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Sardinia: The Mediterranean's Ignored Jewel

Second Chances #12

Hello, and welcome back to Second Chances where I shine a spotlight on the maligned and ignored, and I'm in the mood for a change of scenery.

Typically, this column is about spotlighting movies, music, and video games that have been largely overlooked.  However, this time I'm directing attention to an entire landmass that has been largely overlooked.  A while back, my girlfriend and I got the chance to travel out of the country for the first time in our lives.  We knew we wanted to visit Italy, but we didn't want to get stuck in the tourist traps for our entire two-week vacation.  After some discussion, our attention turned to the islands off the coast.  Of the three major islands there, Corsica was part of France, and Sicily received plenty of tourist traffic.  So we turned to the one in the middle, the island of Sardinia, and found a place that is historical, peaceful, gorgeous, friendly, and somehow the most "real" exotic location I could've imagined.

Capo Testa

Before going, I was already somewhat familiar with Sardinia.  I'm a die-hard fan of the James Bond movies, and part of the film The Spy Who Loved Me, is set on the island (filmed in the town of Porto Cervo, specifically).  However, seeing it in a movie and actually being there are two very different experiences.  There are three major cities on the coasts of the island.  Our experiences are from Olbia, the biggest city on the northeastern corner of the island.  Those who touch down in Alghero or Cagliari will, no doubt, have different experiences from mine.

The first thing that struck me was how untouched the island was.  As it was mostly ignored by tourists, aside from visitors from the Italian mainland, Sardinia provides probably the purest Italian experience possible.  Speaking to the locals (in my admittedly limited command of the Italian language), I learned that most people on the island had never even met Americans before.  While there are some outside influences like a McDonalds or a GameStop at the primary centro commerciale, the bulk of the experience is what one would picture for an Old World trip.  We had lunch at outdoor cafes, visited ancient ruins, and enjoyed the scenery.  In fact, the bed and breakfast we stayed at (Drummi e Smulza) offered a great distant view of Olbia while providing the kind of peace and quiet that's practically unheard of in the States.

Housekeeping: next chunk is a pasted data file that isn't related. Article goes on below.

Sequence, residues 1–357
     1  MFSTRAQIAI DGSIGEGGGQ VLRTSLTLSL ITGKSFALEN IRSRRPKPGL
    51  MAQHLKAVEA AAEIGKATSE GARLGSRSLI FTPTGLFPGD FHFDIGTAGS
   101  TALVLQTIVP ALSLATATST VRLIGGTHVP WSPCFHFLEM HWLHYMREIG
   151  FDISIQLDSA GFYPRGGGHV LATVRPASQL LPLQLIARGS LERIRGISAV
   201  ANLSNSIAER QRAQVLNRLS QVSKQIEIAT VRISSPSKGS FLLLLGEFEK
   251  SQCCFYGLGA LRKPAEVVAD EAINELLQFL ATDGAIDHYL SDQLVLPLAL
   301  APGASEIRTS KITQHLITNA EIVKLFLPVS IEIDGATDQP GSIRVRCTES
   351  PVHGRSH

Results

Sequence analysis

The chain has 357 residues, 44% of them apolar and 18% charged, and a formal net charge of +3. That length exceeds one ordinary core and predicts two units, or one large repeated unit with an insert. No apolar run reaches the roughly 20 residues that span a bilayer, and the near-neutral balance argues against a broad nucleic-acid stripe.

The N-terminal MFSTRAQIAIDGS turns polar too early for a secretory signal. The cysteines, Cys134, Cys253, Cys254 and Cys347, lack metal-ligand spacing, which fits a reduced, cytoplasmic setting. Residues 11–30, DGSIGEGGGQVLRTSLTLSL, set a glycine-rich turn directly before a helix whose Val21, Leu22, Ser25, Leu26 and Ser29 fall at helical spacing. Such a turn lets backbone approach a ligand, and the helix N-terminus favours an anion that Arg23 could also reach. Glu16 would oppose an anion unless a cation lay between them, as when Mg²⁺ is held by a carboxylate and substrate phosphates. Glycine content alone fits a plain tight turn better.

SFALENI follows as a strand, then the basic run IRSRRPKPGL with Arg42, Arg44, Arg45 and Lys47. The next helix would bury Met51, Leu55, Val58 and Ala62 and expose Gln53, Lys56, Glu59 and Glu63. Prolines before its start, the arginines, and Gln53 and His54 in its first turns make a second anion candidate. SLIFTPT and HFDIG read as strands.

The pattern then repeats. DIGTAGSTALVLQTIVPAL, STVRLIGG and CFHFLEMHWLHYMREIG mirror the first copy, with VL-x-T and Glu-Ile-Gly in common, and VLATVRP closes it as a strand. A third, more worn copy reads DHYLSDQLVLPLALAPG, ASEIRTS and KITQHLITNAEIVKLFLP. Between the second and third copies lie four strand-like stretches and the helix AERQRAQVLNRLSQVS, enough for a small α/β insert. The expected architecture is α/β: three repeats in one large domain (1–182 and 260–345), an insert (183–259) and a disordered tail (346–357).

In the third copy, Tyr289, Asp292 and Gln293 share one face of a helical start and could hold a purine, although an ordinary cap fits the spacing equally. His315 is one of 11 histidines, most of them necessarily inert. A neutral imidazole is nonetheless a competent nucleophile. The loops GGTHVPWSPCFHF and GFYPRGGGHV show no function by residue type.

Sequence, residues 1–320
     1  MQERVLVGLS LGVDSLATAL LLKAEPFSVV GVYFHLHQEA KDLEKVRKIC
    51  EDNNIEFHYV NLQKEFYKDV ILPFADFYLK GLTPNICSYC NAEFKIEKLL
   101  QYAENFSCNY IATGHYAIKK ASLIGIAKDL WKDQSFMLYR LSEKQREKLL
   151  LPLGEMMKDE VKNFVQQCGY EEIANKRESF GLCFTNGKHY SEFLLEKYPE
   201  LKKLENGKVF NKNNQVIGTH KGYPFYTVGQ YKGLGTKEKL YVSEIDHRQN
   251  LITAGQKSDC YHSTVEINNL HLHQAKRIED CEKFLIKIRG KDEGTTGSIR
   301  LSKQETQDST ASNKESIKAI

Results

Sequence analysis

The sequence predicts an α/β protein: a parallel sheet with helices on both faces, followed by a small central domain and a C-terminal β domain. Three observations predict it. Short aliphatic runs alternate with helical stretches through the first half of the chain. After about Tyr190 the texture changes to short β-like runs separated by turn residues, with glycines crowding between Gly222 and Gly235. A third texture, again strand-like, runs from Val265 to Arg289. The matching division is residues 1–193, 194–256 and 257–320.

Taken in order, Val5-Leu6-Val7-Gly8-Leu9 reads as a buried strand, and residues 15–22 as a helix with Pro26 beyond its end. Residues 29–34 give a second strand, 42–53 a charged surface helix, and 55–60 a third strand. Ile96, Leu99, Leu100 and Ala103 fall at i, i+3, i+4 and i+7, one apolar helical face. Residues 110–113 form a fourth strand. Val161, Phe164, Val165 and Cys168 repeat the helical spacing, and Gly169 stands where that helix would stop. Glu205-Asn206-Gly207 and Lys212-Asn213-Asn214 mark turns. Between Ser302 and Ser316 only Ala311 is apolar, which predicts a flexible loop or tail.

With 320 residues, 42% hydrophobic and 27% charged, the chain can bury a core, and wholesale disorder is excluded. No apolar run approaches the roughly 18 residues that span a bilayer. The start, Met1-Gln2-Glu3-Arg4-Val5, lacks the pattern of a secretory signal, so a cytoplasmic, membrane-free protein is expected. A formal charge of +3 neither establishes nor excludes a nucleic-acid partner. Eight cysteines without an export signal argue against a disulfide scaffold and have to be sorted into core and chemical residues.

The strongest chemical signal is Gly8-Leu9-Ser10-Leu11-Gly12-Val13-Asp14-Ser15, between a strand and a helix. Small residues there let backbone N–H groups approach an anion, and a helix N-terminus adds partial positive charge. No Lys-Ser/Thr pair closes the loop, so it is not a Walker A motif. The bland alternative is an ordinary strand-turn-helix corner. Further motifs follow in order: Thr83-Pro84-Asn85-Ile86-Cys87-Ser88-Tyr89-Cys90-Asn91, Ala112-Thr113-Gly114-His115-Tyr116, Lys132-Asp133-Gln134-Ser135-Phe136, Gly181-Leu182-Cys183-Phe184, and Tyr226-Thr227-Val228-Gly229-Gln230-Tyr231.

Le tombe dei giganti

Anyone with a historical or archaeological interest can't ignore the island.  While the ruins on the Italian mainland have become tourist traps, the ones in Sardinia are still in pristine condition.  The Nuragic civilization, dating back to 1500 BC, was one of the oldest civilizations in Europe, and their ruins are still accessible.  My girlfriend and I visited Le tombe dei giganti (translated as "The Giants' Tomb") near Arzachena and were amazed.  While the artifacts were long gone, ending up at the Archaeological Museum in Olbia, the structures were still intact.  It's only a shame we didn't have time to visit the other tombs scattered all over the island.

Cala Gonone

Of course, when it comes to an island vacation, more people would be interested in hitting the beach than visiting tombs.  Fortunately, Sardinia has some of the most gorgeous beaches I had ever seen (and I have seen plenty, for the record).  We visited three that can provide very different experiences.  For those that think of boating and beach parties, the seaside town of Cala Gonone has you covered.  While it can get crowded during the summer to the point that parking becomes an issue, the wide array of restaurants and vendors make it an ideal spot to visit on a cruise.  For those wanting the quiet of the surf, there's Spiaggia Portobello on the northern shore.  Its out-of-the-way location provides the kind of peace one can only get in the U.S. very early in the morning.  Just make sure you bring your lunch as you would be kilometers away from any amenities.  The third is Capo Testa on the northernmost point of the island which provides a balance between the two.  The view is amazing; you can actually see the southern shore of Corsica from there.  The shores have some degree of intimacy, but there are cafes nearby during the travel season.

While we did spend some time in Civitavecchia and Rome during our vacation, we actually have the fondest memories of our time in Sardinia.  It is one of the most peaceful places we've ever been.  By the time we hopped on the ferry to the Italian mainland, we felt the most rejuvenated we had ever been.  If you want to visit Europe and go a bit off the beaten path, visit here.  Sicily doesn't need to get ALL the attention.

What do you think?  Has anyone else been here?  Let me know, and buon viaggio (good trip)!

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Sardinia: The Mediterranean's Ignored Jewel
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